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Participants 101 - Part 3 - Ethics

17 February 2016

This time on Participants 101 we are going a bit deeper into understanding academic research and looking at the role of ethics and what it means to conduct ethical research, as well as ethics approval procedure. This gets you inside the mind of the researcher to understand their concerns and helps you be safe when taking part in research.

Why is ethics a big deal?

In the past researchers have been known to conduct experiments with little regard for the well-being of their participants. For example, 'Elephants on Acid: and Other Bizarre Experiments' by Alex Boese covers a range of such studies, and makes for a very interesting read. You've probably heard of Pavlov's dogs, head transplant studies, or perhaps Milgram's 1963 electric shock experiments. Today’s academic community places far more stringent rules on what can and can’t be done in the name of science, adding a level of protection for those who agree to take part in studies. Research on humans or other sentient beings undertaken at universities must generally be reviewed by an ethics committee. This means that the research is looked over by at least two senior academic staff members, who are not directly involved in the research. They try to identify any problematic areas about conducting the research and make sure everything is done "by the book". Ethics review boards take into account a range of factors when making decisions, including the age and mental state of the participant target population, risks involved, use of deception, language barriers, and methods of recruitment. Most of it really is just common sense, but each university tends to have their own policies to what is looked at.

What is ethics?

That’s all very well, but what exactly makes research ethical? Stating that the researcher will be nice to participants is a great first step, but it won’t quite cut it under the scrutiny of an ethics committee.

If you’ve ever taken an ethics class or come to contact with the term before, you’ve probably come across informed consent. This umbrella term includes ensuring that participants understand the purpose of the study, any risks they’re taking by participating, and their right to withdraw at any point. You should be made aware of the length of time you’ll spend on the study, as well as being given contact information should you have any questions or concerns afterwards.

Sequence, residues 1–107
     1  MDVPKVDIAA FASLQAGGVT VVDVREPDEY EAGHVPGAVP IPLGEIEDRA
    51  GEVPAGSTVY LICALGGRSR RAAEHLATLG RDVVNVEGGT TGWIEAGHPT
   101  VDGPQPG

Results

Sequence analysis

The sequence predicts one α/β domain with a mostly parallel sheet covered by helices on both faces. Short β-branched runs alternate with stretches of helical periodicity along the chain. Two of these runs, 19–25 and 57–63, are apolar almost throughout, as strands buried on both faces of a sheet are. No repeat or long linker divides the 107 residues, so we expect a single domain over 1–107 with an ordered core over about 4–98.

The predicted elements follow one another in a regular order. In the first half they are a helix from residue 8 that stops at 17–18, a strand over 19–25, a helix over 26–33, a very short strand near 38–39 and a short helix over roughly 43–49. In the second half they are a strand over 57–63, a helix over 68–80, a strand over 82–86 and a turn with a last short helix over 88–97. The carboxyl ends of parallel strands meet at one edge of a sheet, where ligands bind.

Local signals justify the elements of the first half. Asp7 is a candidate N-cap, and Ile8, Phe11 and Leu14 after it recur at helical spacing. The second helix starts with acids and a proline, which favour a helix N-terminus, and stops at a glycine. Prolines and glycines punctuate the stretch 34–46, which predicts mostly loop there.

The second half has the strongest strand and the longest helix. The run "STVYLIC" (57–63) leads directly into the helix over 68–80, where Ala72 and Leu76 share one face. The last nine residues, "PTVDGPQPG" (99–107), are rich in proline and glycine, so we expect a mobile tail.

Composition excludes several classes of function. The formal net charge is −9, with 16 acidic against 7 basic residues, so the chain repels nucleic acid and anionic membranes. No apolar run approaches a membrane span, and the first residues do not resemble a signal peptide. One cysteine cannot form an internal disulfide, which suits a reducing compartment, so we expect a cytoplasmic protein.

What does this mean day-to-day?

When taking part in research, you’ll often hand over personal information to the researcher, which makes it the researcher's responsibility that it's dealt with in a suitable fashion. Confidentiality is key here – we recommend that researchers give you anonymity as soon after data collection as possible. It should go without saying that they should never use the gathered information for anything other than the research it was collected for.

Researchers also have a duty of care to their participants; they have to ensure that they don’t cause you any harm, either physically or psychologically. While some studies involve tackling these issues head-on - for example pain tolerance studies can not be conducted without subjecting participants to some pain - causing you undue stress is considered unethical and the researcher needs to inform you of any stress you may experience while taking part.

We place high importance on these factors and you can be assured that all researchers on Call for Participants have acknowledged and accepted this responsibility before their study is publicly visible on the site.

How can I make sure the research I take part in is ethical?

At Call for Participants, we make it easy for researchers to tell you about the ethics comittee approvals that the study has received. Simply look out for it on the study page.

Ethics information shown on a CFP study page

If, however, you can't find the info, that doesn't yet mean that the study is unethical or that you are in danger. Some questionnaires or other more 'straightforward' studies don't need ethics comittee approval, and as mentioned above, the rules for this vary between universities. If you are in doubt, the easiest thing you can do is ask the researcher using our contact feature (See here).

So now that you are equipped with new knowledge, why not put it to use and find some studies to take part in:

Find research to take part in



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